Five recommendations to relieve your baby back

When you are pregnant, it’s important to make your body’s health a priority to help protect you and your baby. Carrying a baby for 40 weeks can put tremendous strain on a woman’s back due to:

  • Extra body weight gained during pregnancy, which can shift a woman’s center of gravity and cause poor posture
  • The body’s production of hormones that help loosen a woman’s ligaments, thereby making them less sturdy and less able to support the body normally

Fortunately, there are ways to reduce back pain due to pregnancy. Here are five activities you can incorporate into your daily routine to help soothe an aching back:

  • Exercise. You can increase your strength and flexibility with frequent physical activity, lessening the likelihood of body aches and pains. Try to incorporate light exercise into your daily routine.
  • Focus on posture. Pregnancy can often result in poor posture due to the tremendous shift in a woman’s weight and distribution. You can make a few adjustments to improve your posture, such as sitting up straight with your back supported at a desk, walking with your shoulders back, and not hunching over while standing.
  • Lift with your legs. Pregnant women are advised against lifting heavy objects. However, even when picking up usual items, you should rely on the strength of your legs so that you avoid straining your back.
  • Try prenatal yoga. Another cause of back pain can be the stress during pregnancy. Taking a yoga class is one way you can relax, boost your mood, and get gentle exercise to help strengthen your muscles.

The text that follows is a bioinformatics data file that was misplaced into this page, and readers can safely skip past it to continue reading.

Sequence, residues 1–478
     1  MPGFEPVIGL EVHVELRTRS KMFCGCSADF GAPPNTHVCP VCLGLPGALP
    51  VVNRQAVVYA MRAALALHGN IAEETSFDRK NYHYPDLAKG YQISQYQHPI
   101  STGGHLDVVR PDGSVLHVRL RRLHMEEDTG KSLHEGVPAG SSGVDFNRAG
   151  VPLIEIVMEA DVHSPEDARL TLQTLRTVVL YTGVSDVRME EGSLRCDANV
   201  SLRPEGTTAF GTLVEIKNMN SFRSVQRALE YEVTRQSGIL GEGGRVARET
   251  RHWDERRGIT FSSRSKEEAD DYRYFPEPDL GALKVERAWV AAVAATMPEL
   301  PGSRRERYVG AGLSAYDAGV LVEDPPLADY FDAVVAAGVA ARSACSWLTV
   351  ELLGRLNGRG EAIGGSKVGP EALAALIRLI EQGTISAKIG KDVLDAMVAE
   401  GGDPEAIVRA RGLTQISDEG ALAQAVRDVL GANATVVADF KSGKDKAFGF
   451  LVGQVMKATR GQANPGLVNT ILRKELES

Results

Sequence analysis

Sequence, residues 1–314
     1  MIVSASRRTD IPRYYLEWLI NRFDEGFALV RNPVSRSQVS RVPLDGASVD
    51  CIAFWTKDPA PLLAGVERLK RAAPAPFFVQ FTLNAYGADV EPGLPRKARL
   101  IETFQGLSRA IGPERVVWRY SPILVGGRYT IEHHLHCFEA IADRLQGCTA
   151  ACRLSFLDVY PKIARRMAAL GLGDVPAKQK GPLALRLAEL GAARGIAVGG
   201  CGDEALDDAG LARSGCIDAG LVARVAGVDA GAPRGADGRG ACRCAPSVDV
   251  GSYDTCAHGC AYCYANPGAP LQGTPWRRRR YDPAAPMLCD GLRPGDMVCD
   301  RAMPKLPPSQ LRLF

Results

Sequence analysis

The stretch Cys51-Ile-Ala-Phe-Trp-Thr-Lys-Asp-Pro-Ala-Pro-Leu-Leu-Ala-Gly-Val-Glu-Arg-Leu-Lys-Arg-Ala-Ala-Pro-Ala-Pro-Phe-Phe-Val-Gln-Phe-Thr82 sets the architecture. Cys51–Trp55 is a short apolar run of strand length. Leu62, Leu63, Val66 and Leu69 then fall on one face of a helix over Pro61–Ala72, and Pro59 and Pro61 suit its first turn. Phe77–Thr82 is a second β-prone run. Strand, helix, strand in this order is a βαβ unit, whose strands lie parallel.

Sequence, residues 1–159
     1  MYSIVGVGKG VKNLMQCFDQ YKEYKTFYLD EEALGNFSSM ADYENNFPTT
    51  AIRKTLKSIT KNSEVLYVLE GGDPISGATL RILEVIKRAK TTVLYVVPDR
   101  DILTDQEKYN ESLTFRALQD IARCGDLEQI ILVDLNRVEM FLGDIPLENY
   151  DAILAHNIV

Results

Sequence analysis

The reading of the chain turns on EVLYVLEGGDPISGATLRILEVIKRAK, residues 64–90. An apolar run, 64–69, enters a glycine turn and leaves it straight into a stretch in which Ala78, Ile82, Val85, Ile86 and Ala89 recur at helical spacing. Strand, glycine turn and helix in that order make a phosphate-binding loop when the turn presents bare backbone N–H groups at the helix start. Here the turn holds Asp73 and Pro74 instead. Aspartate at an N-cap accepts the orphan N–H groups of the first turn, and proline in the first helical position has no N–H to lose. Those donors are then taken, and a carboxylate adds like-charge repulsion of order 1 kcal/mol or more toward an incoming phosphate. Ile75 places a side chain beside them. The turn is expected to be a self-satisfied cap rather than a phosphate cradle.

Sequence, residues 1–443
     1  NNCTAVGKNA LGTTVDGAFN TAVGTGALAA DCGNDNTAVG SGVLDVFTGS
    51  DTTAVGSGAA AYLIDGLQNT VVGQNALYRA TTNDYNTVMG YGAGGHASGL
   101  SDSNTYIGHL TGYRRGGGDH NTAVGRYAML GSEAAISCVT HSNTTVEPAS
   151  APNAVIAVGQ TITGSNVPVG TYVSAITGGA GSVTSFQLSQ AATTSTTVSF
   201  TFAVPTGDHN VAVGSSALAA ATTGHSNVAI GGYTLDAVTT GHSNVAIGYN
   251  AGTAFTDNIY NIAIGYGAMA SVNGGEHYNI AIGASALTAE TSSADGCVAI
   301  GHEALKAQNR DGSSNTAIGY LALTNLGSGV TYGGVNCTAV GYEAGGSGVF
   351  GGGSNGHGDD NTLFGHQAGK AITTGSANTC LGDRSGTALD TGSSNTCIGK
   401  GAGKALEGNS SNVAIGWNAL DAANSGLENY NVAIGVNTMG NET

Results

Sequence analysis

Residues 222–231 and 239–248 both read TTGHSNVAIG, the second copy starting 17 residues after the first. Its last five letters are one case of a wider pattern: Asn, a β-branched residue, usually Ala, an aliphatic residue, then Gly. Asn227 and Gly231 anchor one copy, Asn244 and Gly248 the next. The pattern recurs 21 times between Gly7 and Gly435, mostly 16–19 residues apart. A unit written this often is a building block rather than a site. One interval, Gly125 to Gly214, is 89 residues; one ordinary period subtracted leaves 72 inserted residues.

• Get a massage. A relaxing prenatal massage can help to reduce your stress levels by calming your mood and encouraging blood circulation.

These suggestions can also be incorporated into your life after the birth of your baby so that you can continue to feel strong postpartum—because the heavy lifting does not stop once the baby is born. 

Sources

Brigham and Women’s Hospital, “Back Pain in Pregnancy,” accessed January 15, 2014, http://healthlibrary.brighamandwomens.org/HealthCenters/Pregnancy/ThirdTrimester/134,52.

Mayo Clinic, “Back Pain During Pregnancy,” accessed January 15, 2014, http://www.mayoclinic.com/health/pregnancy/HQ00302.

Parents.com, “How Do I Help Pregnancy Back Pains?” accessed January 15, 2014, http://www.parents.com/advice/pregnancy-birth/my-pregnant-body/how-do-i-help-pregnancy-back-pains/.

WebMD, “Back Pain in Pregnancy,” accessed January 15, 2014, http://www.webmd.com/baby/guide/back-pain-in-pregnancy.

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